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Calls to Prioritise Support to Agriculture Extension Services to Ensure Food Security in Zimbabwe.

Agroecology training

Press Statement

Harare -23 June 2022 – ActionAid Zimbabwe (AAZ) joins the rest of the world in commemorating the Public Service Day, themed, “Building back better from COVID-19: Enhancing innovative partnerships to meet the Sustainable Development Goals (SDGs).” On this day and guided by our climate justice campaign, AAZ calls upon the Government of Zimbabwe (GoZ) to ensure its policies, resources and priorities are being channelled towards extension services support for the country to be food secure in the face of climate change and an economic crisis. As we observe the Public Service Day against a background of droughts, cyclones, and floods in Zimbabwe, we are reminded that agriculture extension is a critical public service that provides support services to farmers and helps the country meet the United Nations SDG Goal 2 of Zero Hunger by 2030.

The Public Service Day recognizes that democracy and successful governance are built on the foundation of a competent civil service, hence the value and contribution of public service in the development process should be upheld by recognising the work of public servants and encouraging women and young people to pursue careers in the public sector. For Zimbabwe to deal with a looming food crisis, addressing the issue of decent working conditions for public sector workers and investing in continuous professional development for agriculture sector workers should be prioritised by the Government. A motivated agriculture extension worker will contribute to quality service delivery to smallholder farmers (SHFs), the bulk of whom are women and youth who are vulnerable to economic and climate shocks and have limited capacity to adapt to the impacts of climate change.

As we take stock of the GoZ capacity to provide public services, AAZ has noted low wages and poor working conditions in the public sector negatively demoralising public workers affecting their provision of quality gender-responsive public services (GRPS). The low wages affect the ability and motivation of public sector workers to provide decent living standards for their families. Agriculture extension workers experience limited operational resources like transport to reach farmers, lack of appropriate technology and in-service training for agriculture practices such as agroecology which are alternatives to addressing food insecurity because of climate change. Adequate technical and financial support is therefore important in ensuring sustained productivity of the SHFs whose livelihoods depend on agriculture. Hence any Government policy should seek to address the effects of climate change on SHF in relation to other productivity problems that farmers face. Chief among these policies is the need to have effective agriculture extension support, including services that meet farmers’ needs on green alternatives such as agroecology. In addition, extension services should be gender-responsive and meet the needs of specific groups such as women and youth, persons with disabilities and other marginalised groups.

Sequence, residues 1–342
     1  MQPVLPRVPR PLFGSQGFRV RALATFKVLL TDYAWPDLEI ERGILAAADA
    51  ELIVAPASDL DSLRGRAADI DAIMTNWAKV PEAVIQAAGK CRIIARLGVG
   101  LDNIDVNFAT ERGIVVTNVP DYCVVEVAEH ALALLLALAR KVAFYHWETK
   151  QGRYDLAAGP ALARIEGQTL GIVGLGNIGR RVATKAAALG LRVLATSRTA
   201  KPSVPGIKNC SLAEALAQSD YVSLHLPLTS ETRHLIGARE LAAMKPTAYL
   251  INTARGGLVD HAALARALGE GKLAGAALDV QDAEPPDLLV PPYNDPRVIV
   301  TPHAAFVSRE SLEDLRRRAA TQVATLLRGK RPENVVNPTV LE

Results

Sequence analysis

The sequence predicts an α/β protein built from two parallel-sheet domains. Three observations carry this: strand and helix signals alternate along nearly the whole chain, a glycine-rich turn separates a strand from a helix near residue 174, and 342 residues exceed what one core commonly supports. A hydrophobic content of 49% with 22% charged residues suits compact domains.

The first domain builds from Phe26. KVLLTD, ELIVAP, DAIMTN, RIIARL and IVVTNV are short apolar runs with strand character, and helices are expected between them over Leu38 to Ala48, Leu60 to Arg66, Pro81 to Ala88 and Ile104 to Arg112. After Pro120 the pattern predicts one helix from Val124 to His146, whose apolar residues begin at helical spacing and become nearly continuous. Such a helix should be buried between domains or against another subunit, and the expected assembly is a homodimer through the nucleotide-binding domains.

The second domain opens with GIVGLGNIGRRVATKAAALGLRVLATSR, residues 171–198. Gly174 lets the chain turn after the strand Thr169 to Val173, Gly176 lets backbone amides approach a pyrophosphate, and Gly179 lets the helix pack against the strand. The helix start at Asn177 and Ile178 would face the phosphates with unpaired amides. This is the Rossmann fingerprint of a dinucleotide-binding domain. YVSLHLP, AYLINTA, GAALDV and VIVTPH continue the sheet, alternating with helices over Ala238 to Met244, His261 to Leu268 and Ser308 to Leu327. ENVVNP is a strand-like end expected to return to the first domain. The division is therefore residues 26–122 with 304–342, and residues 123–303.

Access to quality advisory services in agricultural production is important in all relevant segments of the food system. There is a need for the government to strengthen the public agricultural advisory system and encourage private sector participation in agricultural information sharing to food system actors and leverage appropriate digital (IC) technology to improve the provision of inclusive agricultural advisory services.

AAZ appreciates the GoZ efforts in providing extension workers with smartphones aimed at providing improved extension and advisory services through digital ways as part of COVID-19 Response. However, more resources should be set aside for airtime for the extension workers to effectively use the digital tools provided. The GoZ should also invest in providing agroecology skills to agriculture extension workers to meet the UN SDG Goal 2 of zero hunger by 2030. AAZ acknowledges the efforts by the Government in supporting agroecology as it aims to improve food security following climate-induced droughts. AAZ, therefore, calls on GoZ to consider the following recommendations:

1. To improve budget allocations for the agriculture sector and continuously review the remuneration of civil servants responding to macroeconomic fundamentals.

2. Decentralise budgetary utilisation to provincial structures for the motorization and equipping of extension officers to adopt e-extension.

3. Adopt the progressive taxation model to fund agriculture and other key sectors to ensure SHFs and reduce the privatisation of public services.

4. Advocate for the mobilisation of resources from climate financing from the global north and corporates to fund feminist green agriculture alternatives such as agroecology, in-service training of agriculture extension workers on agroecology

5. Finalise the Agroecology Policy and allocate adequate resources for its rollout to support smallholder farmers with a particular focus on women and youth needs.

For more details please contact: ActionAid Zimbabwe Country Director, Joy Mabenge: Email or Mobile +263 772904479